Even organizations that have adhered to a comprehensive ICD-10 transition plan may want to consider contingency plans—especially for external factors out of their organization’s control. Even if ASCs have tested all processes internally, they can’t anticipate how payers will respond to ICD-10. All organizations, even the prepared ones, may want to consider obtaining a line of credit from their bank. Even if it’s unnecessary, the additional funding can provide peace of mind.
2. Go the extra mile: perform a final gap analysis and "pressure test" your processes. If your ASC has a comprehensive ICD-10 transition plan and stuck to it, you’re undoubtedly well-prepared. Even so, high-pressure situations (such as important presentations and championship football games) tend to yield the one situation we didn’t anticipate. Applying this lesson to ICD-10, go back through your gap analysis one final time and make sure you’ve addressed every key process. This gap analysis will identify any risks or problem areas (gaps) that could potentially occur in various departments due to the transition.
Along these same lines, pressure testing is also a helpful tool. Even if you've tested your new ICD-10 processes, do another round of testing. Pick an ICD-10 day, and for a specified time, use your post-October 1 technology and processes for any relevant activities such as referrals and prior authorizations to really get a feel for what the post-transition period will be like in the days and weeks immediately following implementation.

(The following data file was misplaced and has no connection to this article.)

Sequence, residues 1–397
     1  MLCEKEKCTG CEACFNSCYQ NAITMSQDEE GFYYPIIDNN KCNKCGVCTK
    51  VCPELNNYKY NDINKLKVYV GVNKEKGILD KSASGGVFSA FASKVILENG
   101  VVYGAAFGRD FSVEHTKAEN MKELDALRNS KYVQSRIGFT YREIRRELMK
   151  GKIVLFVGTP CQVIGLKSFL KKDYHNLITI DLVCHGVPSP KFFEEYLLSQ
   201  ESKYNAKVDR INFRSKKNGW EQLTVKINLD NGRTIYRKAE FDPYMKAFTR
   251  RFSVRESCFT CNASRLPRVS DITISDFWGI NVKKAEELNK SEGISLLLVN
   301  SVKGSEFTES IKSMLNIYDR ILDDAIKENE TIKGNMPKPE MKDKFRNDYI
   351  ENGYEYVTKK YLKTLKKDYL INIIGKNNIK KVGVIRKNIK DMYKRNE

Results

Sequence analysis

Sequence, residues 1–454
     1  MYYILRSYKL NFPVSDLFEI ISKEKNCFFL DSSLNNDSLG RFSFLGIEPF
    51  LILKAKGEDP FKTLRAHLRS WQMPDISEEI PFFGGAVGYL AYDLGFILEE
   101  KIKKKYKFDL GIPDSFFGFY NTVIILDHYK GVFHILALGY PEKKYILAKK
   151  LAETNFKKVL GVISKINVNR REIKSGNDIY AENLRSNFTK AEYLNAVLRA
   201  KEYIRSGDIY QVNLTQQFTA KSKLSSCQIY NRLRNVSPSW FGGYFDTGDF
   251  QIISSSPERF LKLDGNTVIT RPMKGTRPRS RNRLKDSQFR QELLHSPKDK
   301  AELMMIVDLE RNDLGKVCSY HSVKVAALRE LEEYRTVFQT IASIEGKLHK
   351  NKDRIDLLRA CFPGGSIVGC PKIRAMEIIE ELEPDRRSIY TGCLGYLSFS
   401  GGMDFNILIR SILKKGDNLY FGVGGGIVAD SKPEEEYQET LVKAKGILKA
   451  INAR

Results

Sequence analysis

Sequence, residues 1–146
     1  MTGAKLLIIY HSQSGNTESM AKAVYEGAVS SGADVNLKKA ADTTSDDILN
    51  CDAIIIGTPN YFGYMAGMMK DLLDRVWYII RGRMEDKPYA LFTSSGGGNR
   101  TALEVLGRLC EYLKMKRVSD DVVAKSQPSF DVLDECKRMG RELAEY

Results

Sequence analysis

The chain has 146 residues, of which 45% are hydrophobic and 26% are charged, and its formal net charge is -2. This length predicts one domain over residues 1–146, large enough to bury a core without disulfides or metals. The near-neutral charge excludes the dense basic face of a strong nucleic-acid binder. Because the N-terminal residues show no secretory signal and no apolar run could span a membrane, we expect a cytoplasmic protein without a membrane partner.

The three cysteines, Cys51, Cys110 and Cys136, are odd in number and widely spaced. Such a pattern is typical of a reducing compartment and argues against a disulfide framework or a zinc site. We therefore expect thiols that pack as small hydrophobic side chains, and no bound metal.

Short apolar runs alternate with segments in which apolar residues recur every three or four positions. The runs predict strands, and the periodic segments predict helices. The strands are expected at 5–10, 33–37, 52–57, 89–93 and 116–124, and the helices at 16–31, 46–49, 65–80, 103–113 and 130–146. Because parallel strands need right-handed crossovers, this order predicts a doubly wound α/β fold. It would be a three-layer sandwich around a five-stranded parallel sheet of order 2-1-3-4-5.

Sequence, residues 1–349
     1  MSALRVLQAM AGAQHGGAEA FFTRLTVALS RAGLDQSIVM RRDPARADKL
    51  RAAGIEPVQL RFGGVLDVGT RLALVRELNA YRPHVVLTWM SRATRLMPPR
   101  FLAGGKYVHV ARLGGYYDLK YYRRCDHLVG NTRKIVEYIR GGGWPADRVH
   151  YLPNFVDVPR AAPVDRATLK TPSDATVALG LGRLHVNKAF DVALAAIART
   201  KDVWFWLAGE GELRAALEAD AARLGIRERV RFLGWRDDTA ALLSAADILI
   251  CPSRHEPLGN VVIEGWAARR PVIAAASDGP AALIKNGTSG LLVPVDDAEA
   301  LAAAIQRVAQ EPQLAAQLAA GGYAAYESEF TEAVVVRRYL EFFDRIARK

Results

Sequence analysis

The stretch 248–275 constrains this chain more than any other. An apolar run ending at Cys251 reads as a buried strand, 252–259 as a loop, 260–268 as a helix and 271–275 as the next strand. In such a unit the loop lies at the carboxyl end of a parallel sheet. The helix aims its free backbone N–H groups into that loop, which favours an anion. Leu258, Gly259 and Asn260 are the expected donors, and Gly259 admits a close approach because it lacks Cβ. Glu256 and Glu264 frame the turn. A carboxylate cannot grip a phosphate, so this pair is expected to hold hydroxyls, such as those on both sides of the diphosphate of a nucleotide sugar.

3. Regardless of your level of ICD-10 preparation, take steps to increase patient payments. During this period of lost productivity and increased denials, one source of revenue will remain the same: patient payments. Therefore, you can mitigate ICD-10 cash flow risks by optimizing patient collections. If you don’t have patient payment technology to automate collections, you may still have time to find a solution. If not, you can take these steps to improve this process: